Puckarinen Hits A Post
by Puckarinen on 12/07/11 at 03:12 PM ET
Fighting’s been a hot topic in many hockey markets recently. The KHL has had its share of it with the Vityaz team creating havoc on and off the ice, and not for the first time - and dare I predict - not for the last. The Wikipedia tells me that Vityaz “is a Russian term for a valiant warrior or knight [and] usually given to a man who owns a horse and proves himself in battle”. Now the KHL is looking to take the horses away from some of the Vityaz players, making them take a walk from the league.
In the Finnish SM-liiga, Helsinki IFK and Lahti Pelicans broke the league record in penalty minutes in a game when fights broke out in three separate occasions within eight seconds (of time on the game clock), including 16 players. The league disciplinary committee handed out suspensions to 14 players and both head coaches, Petri Matikainen (HIFK) and Kai Suikkanen (Pelicans).
Between the actual incident and the suspensions, the hockey fight debate was already in full swing.
I’m sure you already know how that always goes, but to recap this instance. The league proudly noted the new penalty minute record on their website before the CEO regretting the incident that “caused unnecessary badwill” and the president of the federation condemning line brawls.
Then former hockey greats were trotted out to tell everybody that fights were a part of the game and that others, people outside the game, should just shut up since they don’t understand the code anyway.
Staged, or “non-spontaneous” fights as the Finnish league calls them, plagued the league a few years ago, but have in the last three years been far apart. Since 2008-09, when the disciplinarian was given the mandate to hand out heavier suspensions for staged fights, eight players have been suspended.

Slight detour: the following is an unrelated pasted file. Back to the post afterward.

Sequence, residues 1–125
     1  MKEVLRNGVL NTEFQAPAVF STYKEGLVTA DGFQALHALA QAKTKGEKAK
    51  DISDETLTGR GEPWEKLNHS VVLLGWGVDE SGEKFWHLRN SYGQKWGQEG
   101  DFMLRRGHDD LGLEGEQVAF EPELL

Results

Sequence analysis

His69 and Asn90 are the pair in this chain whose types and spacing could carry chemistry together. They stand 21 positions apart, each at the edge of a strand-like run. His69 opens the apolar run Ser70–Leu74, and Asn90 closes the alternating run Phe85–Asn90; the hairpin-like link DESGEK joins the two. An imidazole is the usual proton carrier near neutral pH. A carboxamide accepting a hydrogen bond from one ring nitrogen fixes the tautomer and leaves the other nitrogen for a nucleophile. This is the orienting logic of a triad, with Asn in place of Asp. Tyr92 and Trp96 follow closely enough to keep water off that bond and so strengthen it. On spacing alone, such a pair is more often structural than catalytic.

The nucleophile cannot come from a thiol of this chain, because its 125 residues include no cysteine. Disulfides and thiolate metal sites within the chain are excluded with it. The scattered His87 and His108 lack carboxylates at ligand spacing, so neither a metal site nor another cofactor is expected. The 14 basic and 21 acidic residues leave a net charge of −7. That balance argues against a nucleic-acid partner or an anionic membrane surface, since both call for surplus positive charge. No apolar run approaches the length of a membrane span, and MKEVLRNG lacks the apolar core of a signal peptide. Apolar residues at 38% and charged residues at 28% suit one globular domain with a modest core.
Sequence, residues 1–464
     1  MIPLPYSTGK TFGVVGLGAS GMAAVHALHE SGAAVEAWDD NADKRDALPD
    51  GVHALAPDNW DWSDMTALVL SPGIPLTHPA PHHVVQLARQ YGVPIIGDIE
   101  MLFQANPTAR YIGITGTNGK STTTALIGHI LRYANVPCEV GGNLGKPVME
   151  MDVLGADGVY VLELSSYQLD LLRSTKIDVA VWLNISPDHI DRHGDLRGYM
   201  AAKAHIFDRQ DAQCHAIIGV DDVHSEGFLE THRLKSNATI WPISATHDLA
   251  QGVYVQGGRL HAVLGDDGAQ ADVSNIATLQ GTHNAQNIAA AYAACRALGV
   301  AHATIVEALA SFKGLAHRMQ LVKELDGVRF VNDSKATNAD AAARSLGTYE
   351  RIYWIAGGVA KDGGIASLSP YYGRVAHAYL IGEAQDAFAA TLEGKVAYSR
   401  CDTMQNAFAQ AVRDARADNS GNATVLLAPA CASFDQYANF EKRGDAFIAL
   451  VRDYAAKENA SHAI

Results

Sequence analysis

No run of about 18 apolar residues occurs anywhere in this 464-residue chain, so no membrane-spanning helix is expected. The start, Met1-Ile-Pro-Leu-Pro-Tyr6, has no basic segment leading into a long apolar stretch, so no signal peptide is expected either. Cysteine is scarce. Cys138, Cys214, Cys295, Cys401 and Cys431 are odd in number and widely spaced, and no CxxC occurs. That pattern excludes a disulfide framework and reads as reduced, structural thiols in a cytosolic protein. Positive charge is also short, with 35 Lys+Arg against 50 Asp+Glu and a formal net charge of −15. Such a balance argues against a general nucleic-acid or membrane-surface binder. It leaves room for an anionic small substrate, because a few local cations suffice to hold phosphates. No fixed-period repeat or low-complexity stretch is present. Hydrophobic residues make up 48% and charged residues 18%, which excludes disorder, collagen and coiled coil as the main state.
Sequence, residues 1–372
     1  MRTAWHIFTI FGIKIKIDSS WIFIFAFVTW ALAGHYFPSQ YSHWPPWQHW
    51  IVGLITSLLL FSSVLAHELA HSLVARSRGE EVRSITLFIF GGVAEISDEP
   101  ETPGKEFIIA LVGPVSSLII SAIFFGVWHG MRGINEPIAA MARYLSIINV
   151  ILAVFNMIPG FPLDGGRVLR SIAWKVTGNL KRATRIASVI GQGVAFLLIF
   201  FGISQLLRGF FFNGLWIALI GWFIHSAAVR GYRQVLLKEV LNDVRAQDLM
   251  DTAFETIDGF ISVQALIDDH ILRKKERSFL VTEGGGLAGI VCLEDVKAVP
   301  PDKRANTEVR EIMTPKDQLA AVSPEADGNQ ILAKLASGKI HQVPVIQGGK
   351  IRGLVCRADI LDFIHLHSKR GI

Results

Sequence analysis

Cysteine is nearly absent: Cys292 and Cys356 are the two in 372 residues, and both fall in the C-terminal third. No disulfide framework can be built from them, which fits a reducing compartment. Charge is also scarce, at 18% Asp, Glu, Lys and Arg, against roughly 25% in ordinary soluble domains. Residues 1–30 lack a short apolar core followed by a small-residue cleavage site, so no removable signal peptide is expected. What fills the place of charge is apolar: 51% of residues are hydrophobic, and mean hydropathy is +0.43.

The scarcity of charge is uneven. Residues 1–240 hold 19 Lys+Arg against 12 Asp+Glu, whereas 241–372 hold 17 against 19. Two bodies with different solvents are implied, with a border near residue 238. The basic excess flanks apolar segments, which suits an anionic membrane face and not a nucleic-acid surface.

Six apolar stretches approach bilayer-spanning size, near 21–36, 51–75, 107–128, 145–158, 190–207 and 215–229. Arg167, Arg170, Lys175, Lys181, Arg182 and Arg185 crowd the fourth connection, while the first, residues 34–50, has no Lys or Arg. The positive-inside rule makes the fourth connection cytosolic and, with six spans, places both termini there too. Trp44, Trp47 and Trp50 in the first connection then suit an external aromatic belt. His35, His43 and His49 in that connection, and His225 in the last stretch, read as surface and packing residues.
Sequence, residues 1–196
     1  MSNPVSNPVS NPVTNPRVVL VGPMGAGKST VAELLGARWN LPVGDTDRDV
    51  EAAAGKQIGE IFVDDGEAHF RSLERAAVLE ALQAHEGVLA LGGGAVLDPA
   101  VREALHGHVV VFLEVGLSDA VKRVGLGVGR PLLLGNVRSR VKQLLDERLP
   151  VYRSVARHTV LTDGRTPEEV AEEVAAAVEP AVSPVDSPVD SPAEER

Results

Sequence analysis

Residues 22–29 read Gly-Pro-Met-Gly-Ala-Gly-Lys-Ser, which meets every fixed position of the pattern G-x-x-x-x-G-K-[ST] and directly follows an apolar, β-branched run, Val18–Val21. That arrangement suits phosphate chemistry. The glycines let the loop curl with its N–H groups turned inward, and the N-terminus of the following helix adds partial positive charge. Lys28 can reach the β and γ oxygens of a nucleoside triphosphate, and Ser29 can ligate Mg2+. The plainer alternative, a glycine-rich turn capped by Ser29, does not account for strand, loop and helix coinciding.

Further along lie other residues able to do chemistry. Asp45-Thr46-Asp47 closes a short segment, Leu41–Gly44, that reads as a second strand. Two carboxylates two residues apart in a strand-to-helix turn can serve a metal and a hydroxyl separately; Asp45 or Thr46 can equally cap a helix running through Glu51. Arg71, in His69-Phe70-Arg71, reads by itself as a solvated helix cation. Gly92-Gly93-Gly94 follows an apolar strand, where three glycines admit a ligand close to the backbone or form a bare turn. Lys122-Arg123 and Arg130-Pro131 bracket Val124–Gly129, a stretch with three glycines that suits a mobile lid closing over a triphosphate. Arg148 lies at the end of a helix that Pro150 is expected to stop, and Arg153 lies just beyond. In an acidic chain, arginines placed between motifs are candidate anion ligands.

This time, too, the focus was on the fight that got started straight off a faceoff. Team Finland head coach Jukka Jalonen also noted in a talk show appearance that staged fights should be banned.
“But sometimes emotions run high, and you have to defend your honor, or your teammate, and those fights should be allowed,” he then added.
Neither Finland nor Sweden has a deep-rooted goon culture which may be why that same week, according to a newspaper report, the Swedish Elitserien was considering dropping the automatic match penalty for fighting, and instead, giving the fighters just a five minute major.
What makes all this surprising is the fact that there is little fighting in Sweden - only seven fights this year according to Aftonbladet - and that one of the advocates of the change that would surely increase fighting seems to be the GM of Modo.
“Our Ole-Kristian Tollefsen got a match penalty for defending himself, and he got punched once or twice. Of course we don’t want promote fighting but after my years in North America, I know that the game stays cleaner if you have to stand up for your actions on the ice,” he said.
I think we may be doomed. The GM of Modo is Markus Näslund.
Risto Pakarinen is a Finnish freelance writer. He wrote this in Sollentuna, Sweden, the birthplace of Yngwie Malmsteen, a guitar hero whose catalogue includes the album Fire and Ice. You can follow him on Twitter as Puckarinen.
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About Puckarinen Hits A Post
Risto Pakarinen is a Finnish freelance writer, based in Stockholm, Sweden.
That's right, he's deep behind the enemy lines. He's also a regular contributor to IIHF.com, NHL.com, The Hockey News, and several publications in Finland and Sweden. He's also covered four World Championships and the 2010 Vancouver Olympics for the IIHF.
And since he foolishly hoisted the Stanley Cup in his twenties, he wakes up every morning knowing he will never be able to win it.